Date(s) - 18 Sep 2015
1:00 PM - 2:00 PM
3043 ECpE Building Addition
Title: Non-invasive brain stimulation: challenges and subtleties of stimulating the human brain in conscious individuals
Speaker: John Rothwell, Professor, University College London
Abstract: Over the past 30 years, a number of new approaches have been developed to stimulate the human brain painlessly in conscious behaving participants. The methods fall into two categories: those that evoke spiking activity in neurons and those that bias their basal levels of excitability. Transcranial magnetic stimulation (TMS) is the prime example of the former and works by using a large but transient magnetic field to induce a short duration pulse of electric current in the brain. Transcranial direct current stimulation (TDCS) is an example of the latter and employs a small DC current applied through electrodes on the scalp to polarize the membrane potential of neurons, bringing them closer to, or further from their discharge threshold. Both methods have been shown to interact with excitability of cortical neurons and to influence behaviours such as reaction times and task accuracy. They may also produce short term after-effects that engage early stages of synaptic plasticity in underlying cortex. Since these processes are fundamental to learning and memory they can change learning rates and memory.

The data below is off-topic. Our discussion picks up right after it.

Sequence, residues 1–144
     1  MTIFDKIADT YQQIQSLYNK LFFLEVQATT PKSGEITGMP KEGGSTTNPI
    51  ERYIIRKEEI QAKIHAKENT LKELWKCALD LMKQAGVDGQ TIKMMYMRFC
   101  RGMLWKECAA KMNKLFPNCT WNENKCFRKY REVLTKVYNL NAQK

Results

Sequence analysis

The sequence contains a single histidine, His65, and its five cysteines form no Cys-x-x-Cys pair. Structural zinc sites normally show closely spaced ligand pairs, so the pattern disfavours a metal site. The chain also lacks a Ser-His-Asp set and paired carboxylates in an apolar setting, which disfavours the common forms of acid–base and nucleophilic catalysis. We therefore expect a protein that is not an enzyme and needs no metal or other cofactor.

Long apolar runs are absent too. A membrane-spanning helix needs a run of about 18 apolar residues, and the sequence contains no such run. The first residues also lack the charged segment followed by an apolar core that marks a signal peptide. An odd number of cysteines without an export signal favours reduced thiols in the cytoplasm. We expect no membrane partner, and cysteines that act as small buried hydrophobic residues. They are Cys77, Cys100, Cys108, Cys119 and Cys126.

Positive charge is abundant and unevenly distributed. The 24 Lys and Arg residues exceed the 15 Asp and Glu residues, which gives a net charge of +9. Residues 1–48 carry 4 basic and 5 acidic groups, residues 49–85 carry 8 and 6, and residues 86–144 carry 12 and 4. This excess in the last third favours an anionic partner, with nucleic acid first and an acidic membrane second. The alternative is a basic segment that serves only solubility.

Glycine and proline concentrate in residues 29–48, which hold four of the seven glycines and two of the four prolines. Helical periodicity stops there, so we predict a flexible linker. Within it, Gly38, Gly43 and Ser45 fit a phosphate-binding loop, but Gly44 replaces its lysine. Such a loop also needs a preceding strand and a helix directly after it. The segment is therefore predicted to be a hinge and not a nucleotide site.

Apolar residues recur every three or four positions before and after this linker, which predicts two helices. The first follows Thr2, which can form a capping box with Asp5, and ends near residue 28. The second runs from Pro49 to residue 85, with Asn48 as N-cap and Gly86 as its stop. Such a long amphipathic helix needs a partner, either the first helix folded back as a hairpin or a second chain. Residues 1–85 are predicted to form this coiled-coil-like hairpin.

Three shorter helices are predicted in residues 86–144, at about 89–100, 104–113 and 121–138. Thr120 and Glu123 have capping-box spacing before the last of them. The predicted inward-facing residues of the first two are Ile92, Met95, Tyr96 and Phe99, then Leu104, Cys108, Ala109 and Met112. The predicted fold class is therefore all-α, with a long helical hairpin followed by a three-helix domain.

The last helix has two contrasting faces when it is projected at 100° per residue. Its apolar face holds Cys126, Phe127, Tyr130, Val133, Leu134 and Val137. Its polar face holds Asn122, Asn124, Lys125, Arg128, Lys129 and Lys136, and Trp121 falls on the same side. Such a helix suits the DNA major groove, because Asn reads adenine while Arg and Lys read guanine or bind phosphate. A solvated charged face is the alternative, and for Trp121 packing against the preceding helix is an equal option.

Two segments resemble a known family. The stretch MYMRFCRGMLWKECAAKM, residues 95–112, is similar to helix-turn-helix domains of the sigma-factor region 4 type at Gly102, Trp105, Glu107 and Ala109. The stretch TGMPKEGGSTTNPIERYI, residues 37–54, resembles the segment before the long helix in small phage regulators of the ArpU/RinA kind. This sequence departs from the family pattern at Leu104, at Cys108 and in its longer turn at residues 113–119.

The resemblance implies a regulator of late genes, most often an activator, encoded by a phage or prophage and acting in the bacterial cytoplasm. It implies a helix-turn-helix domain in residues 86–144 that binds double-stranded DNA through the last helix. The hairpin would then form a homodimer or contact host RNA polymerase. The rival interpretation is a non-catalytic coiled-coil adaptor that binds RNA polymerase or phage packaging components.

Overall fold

Clearly such methods have great potential, yet their use is still not widespread. One of the main reasons for this is interindividual variation in the response to stimulation: some people may respond as expected whereas other may respond oppositely. It is thought that much of the reason for this lies in the non-specific nature of the methods. They activate large brain areas with a mixture of cell types, which themselves can have opposing functions. We see only a net effect of many different processes. I will discuss how new methods may allow better targeting of stimulation and improve the reliability of the methods.
Speaker Bio: John Rothwell is a professor of neurophysiology at the Institute of Neurology, Queen Square, London. His main area of interest is transcranial magnetic stimulation and motor control. His group has pioneered the use of the paired-pulse technique (Kujirai et al. 1992), interhemispheric studies (Ferbert et al. 1992). Rothwell was educated at the University of Cambridge and progressed to a MRC Fellowship. He did his PhD under David Marsden. He became head of the MRC Human Movement and Balance Unit upon the untimely death of David Marsden. He has written over 400 papers and numerous chapters.